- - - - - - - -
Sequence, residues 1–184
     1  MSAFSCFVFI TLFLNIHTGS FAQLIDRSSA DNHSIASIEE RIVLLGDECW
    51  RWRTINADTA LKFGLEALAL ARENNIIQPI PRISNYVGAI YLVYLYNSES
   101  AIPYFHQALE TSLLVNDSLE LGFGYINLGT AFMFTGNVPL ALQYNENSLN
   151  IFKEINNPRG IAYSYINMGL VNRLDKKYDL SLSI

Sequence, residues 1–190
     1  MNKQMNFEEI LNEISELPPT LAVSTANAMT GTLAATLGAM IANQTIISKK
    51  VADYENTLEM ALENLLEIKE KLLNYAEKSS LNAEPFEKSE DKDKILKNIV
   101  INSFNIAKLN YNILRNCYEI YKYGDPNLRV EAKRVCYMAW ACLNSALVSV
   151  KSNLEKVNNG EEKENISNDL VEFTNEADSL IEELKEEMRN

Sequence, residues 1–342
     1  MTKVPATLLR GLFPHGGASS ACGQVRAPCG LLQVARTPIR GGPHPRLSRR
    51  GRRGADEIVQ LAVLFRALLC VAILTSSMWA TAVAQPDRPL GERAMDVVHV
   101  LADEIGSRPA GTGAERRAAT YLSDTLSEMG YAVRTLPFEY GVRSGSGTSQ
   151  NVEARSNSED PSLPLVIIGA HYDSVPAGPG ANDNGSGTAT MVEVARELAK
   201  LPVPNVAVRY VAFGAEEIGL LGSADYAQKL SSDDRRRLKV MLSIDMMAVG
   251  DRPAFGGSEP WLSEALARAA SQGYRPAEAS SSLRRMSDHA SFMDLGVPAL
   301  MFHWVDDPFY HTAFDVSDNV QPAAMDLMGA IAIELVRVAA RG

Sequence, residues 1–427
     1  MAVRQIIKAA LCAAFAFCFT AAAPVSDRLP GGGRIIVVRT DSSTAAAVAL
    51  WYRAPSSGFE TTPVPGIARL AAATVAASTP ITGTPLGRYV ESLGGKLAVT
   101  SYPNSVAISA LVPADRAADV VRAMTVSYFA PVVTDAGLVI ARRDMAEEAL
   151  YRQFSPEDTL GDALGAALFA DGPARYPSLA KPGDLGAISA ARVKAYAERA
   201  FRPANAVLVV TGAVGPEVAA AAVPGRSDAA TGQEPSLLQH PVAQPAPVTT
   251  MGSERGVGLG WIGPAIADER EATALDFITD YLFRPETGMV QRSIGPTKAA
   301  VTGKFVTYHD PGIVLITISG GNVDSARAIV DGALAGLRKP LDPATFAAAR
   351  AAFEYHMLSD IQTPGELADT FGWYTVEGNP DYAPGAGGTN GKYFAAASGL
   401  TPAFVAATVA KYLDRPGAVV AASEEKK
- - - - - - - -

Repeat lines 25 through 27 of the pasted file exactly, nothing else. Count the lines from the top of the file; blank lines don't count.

   251  MGSERGVGLG WIGPAIADER EATALDFITD YLFRPETGMV QRSIGPTKAA
   301  VTGKFVTYHD PGIVLITISG GNVDSARAIV DGALAGLRKP LDPATFAAAR
   351  AAFEYHMLSD IQTPGELADT FGWYTVEGNP DYAPGAGGTN GKYFAAASGL